“Did you know you qualified for Boston?” The phrase that started it all. “I did?” was my reply. I never even thought to try or dared to hope….after all, I’m not a runner. So I thought. Once I realized how difficult it was to get into ‘Boston’ ( funny how it’s called that…no one says ‘Boston Marathon”…just ‘Boston’) I was dumbfounded, 3:33 is a good time? I hadn’t planned on running another marathon, just tried to survive the one I did. It came at the end of a very long triathlon season and I swore it was my last. However, if you get into ‘Boston’ you accept that honor and make sure you make the most of the coveted spot. That meant training hard ALL WINTER. I hate the cold. This winter I’ve run in sleet, snow, crosswinds, head winds, hail, below freezing temps, up hills, down hills, through battlefields and on trails through multiple states. After all, it was a privilege I took very seriously and I was determined to prove ( to myself really) that I had earn the right to race in the most prestigious race in the country. So the girl who was told she would never be a runner and that she had bad knees and asthma and just should give up on the idea, was going to Boston!
The week before was full of doubts and second guessing and nervousness, as always. I remember sitting at the gate full of fit people with their race jackets of years past on thinking, I don’t belong. However, once I got there (after trying to avoid being hit by a bus at the airport, lol) I was excited. I was met by a great Bostonian full of excitement to show me his wonderful city. “What do you want to do first?” he asked. EAT of course. J Everywhere we went I was acknowledged as ‘a runner’. There the title of ‘runner’ in the Boston marathon was revered and met with smiles and well wishes ( and extra desserts,lol). Here it is just another name for ‘crazy’. The business owners/employees there felt like they were contributing to something great by helping me anyway they could. It was inspiring and touching and strengthened my commitment to do the very best I could to make them/everyone proud. The entire city respects the dedication, hard work, and mental toughness it takes to do ‘the’ marathon. It was awesome!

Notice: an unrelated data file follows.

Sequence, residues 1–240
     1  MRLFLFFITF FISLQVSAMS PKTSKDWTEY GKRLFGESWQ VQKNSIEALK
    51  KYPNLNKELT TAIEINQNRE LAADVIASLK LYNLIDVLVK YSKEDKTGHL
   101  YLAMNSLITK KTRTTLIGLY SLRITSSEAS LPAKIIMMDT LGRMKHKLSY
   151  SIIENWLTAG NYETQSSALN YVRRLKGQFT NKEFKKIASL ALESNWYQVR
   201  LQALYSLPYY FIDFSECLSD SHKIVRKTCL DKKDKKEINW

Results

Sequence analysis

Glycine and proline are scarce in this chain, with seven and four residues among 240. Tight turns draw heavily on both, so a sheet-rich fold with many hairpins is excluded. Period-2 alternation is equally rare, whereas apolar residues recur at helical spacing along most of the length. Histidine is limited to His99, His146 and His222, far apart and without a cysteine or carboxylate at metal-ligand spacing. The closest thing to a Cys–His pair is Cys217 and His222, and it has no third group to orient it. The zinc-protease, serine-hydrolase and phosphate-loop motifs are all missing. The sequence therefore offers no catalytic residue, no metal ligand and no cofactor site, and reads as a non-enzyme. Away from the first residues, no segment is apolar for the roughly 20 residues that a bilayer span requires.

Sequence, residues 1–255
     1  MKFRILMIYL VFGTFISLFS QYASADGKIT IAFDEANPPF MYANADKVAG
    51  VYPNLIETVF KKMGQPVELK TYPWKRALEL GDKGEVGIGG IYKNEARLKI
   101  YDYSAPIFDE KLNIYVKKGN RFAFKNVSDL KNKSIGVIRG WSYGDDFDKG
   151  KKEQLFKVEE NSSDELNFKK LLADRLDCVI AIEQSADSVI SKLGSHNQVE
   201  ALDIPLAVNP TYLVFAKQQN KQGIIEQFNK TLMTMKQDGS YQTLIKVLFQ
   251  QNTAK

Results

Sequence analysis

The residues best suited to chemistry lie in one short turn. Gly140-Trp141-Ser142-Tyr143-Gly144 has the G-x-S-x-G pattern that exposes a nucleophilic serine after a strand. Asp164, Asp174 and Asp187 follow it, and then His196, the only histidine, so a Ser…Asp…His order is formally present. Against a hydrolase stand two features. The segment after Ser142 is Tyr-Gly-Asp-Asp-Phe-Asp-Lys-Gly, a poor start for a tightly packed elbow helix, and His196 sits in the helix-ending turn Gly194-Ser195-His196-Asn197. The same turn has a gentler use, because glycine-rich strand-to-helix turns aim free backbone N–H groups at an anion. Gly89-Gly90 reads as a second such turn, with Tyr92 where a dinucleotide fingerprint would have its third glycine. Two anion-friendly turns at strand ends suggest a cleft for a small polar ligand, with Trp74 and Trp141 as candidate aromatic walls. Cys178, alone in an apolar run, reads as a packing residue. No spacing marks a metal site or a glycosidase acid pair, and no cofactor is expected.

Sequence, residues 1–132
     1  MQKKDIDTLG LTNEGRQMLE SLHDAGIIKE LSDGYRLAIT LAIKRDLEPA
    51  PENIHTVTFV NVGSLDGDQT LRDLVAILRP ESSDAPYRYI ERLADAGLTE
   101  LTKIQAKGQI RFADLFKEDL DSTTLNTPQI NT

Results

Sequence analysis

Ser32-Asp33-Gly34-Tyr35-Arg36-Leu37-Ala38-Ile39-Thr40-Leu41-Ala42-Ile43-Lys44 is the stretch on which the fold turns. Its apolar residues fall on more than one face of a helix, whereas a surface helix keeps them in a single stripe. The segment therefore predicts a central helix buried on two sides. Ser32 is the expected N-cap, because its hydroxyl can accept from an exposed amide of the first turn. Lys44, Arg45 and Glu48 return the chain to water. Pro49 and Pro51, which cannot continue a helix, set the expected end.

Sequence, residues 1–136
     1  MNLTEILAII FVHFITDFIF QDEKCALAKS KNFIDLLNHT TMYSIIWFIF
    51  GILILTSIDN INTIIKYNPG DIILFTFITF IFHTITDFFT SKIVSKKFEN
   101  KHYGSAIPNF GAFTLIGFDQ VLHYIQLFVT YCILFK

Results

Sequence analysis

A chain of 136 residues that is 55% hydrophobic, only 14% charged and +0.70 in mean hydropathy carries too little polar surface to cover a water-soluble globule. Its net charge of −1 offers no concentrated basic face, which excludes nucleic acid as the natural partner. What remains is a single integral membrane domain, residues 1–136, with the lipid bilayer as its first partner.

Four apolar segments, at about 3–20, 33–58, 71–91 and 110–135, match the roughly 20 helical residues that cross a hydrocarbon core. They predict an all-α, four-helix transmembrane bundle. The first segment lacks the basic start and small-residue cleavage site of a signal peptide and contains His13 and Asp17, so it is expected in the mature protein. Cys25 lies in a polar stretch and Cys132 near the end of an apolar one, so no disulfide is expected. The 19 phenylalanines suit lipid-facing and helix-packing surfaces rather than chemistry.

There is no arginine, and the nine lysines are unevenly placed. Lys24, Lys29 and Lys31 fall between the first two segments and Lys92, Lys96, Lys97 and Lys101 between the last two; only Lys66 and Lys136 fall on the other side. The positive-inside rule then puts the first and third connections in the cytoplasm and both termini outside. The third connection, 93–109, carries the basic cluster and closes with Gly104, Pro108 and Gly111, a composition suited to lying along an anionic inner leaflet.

This was evident by the 27 miles of thousands of screaming and cheering residents. Some of the miles the crowd was so loud my ears were ringing. Their energy drove my legs forward, their cheers warmed my heart, and their orange slices (held out by tiny children’s hands) fueled my soul. “Keep going! Their rooting for you…..” I reminded myself. They sincerely and truly believed I could do it. Complete strangers looked me in the eyes and whole heartedly believed I could do it. When people ask me why does it matter if I’m there?.....that’s why. I can’t explain it but there is a secret power each spectator has with their ‘Woo hoo!’ or simple high five. It is a very tough job and we all GREATLY appreciate every cheer, even if we are too tired or focused to show it. Never underestimate the power of the spectator! They gave me wings that day.
Crossing the finish line was more than the just an end to the 2year wait. It was the end of a 10 year struggle to become a ‘runner’. Crying now because I am so angry that someone would target us. Those people spent 4 hours pushing the limits of human strength, finding the greatness they had deep inside them, fulfilling life long hopes and dreams. Those that didn’t get to finish were robbed of something few will ever understand and I can’t even articulate. Those that were hurt/killed………my heart aches for them, especially the spectators (you know how I feel about them now). I struggle with guilt at finishing, guilt at passing them, wondering why I was spared. I have never taken any mile for granted and will continue to cherish the privilege every time. I hope others will realize as well that every step is a victory and every mile ….every minute even….should be celebrated. I have not complained that my legs hurt, not on the 3 mile walk to the hotel, not the day after, maybe not ever again. I am thankful I have a chance to run again and will NEVER take that for granted. Thank you to everyone who sent me messages of concern. I didn’t think anyone really paid attention to my ramblings about my races. I greatly appreciate your thoughts and prayers! I am still in shock that so many people cared, warms my heart.